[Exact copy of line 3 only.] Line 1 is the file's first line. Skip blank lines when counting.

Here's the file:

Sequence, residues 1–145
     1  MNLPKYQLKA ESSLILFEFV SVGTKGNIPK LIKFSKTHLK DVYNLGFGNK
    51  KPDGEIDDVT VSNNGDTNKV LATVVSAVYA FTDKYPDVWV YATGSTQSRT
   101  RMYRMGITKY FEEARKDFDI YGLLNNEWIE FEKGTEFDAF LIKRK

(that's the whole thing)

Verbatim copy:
    51  KPDGEIDDVT VSNNGDTNKV LATVVSAVYA FTDKYPDVWV YATGSTQSRT